I am not new to teaching, but I am new to homeschooling. My oldest child is four years old and we are working through a kindergarten curriculum together. Now that we have been homeschooling for a few months, I thought I’d share some tips and tricks for homeschooling. These are concepts that I try to keep in mind so that we are both successful and happy throughout our lessons! Here are five things to remember when you homeschool your child.
You Need to Repeat Things. A lot.
Chances are, if you’re not annoyed by how many times you’ve had to repeat a phrase or a concept, then you haven’t said it enough! The younger the child is, the more times they need to hear/do/say something in order to “get it.” The real trick is three times in a row, but that’s just for one session.
Also remember that homeschooling isn’t a super formal thing: learning can happen anywhere at any time. You can recite letters in the bathtub; practice number drills while walking through the grocery store; and repeat the seasons while driving in the car.
The good news here is that if you have a little sibling listening in, they’ll learn all kinds of things just from hearing them. My two year old knows the days of the week and the months of the year, her address, and how to count to 30, just by listening to her big brother!
And think of fun, original, creative ways to practice things: think of rhymes or raps; come up with a phrase that uses alliteration (where all the words start with the same letter); change the lyrics to a song like “Twinkle Twinkle” and make it into something you and your child will remember!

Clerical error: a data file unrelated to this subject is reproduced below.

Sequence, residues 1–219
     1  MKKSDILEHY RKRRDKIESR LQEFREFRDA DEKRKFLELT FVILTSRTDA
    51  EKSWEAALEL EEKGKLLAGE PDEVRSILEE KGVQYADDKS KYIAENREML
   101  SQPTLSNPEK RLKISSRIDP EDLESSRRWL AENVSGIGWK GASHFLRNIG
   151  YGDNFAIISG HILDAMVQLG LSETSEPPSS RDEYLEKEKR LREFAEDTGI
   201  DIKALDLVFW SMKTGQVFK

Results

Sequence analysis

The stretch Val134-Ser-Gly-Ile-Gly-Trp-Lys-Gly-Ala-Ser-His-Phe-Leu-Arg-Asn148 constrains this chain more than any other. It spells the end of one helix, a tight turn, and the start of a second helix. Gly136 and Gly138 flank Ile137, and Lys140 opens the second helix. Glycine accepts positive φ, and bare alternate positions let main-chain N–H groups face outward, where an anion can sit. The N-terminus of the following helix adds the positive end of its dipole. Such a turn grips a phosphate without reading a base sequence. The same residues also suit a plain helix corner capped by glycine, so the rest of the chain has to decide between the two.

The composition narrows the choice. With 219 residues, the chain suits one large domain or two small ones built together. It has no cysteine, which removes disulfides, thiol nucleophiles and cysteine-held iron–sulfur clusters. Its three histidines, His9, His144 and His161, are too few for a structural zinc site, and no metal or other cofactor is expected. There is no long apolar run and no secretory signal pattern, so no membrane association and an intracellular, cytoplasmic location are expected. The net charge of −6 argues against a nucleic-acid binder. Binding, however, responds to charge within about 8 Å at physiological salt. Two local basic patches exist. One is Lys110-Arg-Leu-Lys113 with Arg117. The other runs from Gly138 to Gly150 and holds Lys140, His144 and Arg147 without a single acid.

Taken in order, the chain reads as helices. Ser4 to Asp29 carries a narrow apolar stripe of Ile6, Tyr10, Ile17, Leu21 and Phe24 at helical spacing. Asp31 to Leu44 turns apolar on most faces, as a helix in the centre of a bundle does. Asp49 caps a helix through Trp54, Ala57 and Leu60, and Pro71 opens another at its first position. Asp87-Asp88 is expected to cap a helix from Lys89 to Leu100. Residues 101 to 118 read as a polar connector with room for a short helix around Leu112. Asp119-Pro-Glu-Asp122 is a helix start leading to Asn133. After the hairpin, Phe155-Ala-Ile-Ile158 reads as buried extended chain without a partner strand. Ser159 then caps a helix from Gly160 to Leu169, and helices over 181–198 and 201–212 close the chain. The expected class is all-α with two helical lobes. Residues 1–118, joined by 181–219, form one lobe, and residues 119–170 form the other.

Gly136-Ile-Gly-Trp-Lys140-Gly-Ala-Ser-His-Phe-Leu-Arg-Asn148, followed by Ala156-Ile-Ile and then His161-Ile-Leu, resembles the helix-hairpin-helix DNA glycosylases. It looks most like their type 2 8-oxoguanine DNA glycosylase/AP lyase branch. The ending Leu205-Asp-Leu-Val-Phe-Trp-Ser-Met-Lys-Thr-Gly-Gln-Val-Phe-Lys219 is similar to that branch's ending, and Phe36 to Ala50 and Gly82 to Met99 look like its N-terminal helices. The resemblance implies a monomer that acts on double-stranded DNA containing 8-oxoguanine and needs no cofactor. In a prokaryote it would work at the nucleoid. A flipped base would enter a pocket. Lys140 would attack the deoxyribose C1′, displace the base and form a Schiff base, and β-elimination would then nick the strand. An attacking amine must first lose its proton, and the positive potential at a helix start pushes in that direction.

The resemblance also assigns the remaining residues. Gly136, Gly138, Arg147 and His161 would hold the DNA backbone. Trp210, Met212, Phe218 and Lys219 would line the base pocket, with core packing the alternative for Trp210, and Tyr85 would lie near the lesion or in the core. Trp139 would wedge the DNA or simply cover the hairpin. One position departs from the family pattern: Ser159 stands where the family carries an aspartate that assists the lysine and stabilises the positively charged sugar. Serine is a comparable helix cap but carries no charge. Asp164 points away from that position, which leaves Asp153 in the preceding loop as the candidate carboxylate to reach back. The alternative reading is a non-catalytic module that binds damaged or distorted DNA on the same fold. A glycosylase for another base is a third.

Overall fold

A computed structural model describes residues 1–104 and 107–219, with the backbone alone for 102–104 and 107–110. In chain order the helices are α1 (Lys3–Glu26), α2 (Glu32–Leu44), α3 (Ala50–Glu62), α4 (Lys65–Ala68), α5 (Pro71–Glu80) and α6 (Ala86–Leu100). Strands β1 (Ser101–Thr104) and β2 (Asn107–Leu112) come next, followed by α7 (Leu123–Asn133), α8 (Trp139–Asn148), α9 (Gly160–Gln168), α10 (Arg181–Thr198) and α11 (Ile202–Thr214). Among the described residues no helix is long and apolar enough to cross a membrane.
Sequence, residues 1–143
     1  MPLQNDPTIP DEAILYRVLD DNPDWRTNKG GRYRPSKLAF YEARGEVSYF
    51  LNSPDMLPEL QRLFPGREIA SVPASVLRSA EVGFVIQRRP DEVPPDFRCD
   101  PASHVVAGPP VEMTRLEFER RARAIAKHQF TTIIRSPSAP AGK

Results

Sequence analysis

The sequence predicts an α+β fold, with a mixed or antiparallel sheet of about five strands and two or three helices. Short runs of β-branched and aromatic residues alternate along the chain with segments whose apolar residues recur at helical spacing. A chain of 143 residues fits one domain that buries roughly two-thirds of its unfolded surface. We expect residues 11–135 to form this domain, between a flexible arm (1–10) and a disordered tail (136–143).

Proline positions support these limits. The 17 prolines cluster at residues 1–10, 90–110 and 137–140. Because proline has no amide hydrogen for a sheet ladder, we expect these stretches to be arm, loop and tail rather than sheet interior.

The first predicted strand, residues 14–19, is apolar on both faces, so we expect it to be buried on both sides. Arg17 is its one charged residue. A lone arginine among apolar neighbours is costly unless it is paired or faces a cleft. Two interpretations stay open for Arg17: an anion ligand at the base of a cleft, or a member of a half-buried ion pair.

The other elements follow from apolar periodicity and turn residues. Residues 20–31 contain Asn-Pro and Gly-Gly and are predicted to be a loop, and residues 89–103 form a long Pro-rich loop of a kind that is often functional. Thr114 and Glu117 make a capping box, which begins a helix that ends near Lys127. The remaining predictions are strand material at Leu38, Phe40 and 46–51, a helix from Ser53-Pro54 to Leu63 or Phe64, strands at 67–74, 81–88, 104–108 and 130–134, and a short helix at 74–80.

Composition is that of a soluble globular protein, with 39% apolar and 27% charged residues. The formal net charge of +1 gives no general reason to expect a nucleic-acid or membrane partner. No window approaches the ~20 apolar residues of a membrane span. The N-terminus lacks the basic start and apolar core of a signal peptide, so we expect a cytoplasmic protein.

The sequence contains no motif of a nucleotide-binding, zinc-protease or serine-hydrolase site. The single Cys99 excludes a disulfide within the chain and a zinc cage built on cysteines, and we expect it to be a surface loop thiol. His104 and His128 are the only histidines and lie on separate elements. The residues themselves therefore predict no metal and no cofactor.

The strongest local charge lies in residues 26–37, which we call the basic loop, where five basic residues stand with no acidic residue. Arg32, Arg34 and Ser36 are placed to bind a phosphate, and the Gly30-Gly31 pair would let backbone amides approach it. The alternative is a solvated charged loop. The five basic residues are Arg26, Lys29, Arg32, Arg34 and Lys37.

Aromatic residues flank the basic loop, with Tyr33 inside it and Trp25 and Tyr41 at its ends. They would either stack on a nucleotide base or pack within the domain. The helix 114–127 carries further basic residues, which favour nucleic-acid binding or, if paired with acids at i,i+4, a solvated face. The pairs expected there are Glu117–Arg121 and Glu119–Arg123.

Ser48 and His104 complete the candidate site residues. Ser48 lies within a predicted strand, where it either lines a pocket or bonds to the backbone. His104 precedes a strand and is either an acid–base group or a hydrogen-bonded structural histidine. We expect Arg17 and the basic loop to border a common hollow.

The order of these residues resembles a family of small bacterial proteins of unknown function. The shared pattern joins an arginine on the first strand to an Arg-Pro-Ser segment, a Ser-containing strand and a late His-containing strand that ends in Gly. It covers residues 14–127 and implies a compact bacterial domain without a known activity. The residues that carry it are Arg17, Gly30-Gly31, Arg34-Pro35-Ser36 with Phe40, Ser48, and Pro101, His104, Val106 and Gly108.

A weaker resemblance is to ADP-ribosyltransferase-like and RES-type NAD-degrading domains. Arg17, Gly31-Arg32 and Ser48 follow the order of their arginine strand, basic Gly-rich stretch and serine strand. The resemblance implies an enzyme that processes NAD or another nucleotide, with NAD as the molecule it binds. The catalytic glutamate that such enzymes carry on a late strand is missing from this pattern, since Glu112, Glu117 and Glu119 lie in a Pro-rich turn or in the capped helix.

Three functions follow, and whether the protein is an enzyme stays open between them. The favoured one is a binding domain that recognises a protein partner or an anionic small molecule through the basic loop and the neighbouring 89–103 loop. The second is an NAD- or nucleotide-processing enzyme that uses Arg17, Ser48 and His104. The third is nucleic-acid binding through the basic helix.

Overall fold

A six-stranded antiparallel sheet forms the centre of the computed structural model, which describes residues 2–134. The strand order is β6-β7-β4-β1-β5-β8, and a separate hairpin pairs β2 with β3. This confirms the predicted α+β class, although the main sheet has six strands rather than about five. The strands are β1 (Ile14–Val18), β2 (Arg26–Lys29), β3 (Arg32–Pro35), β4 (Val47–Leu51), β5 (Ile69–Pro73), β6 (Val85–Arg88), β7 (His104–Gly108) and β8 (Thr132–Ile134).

This is one of the concepts I talk about in my article about how to start dialogues with your kids. Everyone needs to feel comfortable speaking to their children about anything, from the birds and the bees, to safety, to a balanced diet. Don’t be silent!
Don’t Be Afraid to Adapt, Combine, Change, Borrow, and Eliminate from Your Curriculum
No one curriculum is perfect, and that’s okay. There are tons of free resources out there to help you with everything from worksheets to science projects, if you only look. You know your kid better than those content creators, so pick and choose what works for you.
I bought the Kindergarten Complete curriculum for my son and I’m honestly less than thrilled with it, so I supplement a lot. We also do field trips like to the Doseum and the zoo, and we have lessons in the kitchen and on the fly all the time. You can homeschool your child in many different ways.
If you’d like to browse some fun, varied sources, check out my Pinterest board on Homeschooling. Most of the content is not mine so I love to share other people’s genius!
You Need to Repeat Things. A lot.
Just kidding. But seriously, yes you do.
Follow Your Child’s Interests, Cues, and Learning Style
Unless you’re a glutton for punishment, you probably want homeschooling to be as smooth and natural as possible. No one wakes up excited to battle their kid through a lesson. But a big part of that is you, Teacher.
Does your kid absolutely love art? Then make a way for them to illustrate books about what you’re learning about, make puppets like this with paper and popsicle sticks, and have free time with art supplies when they complete a lesson.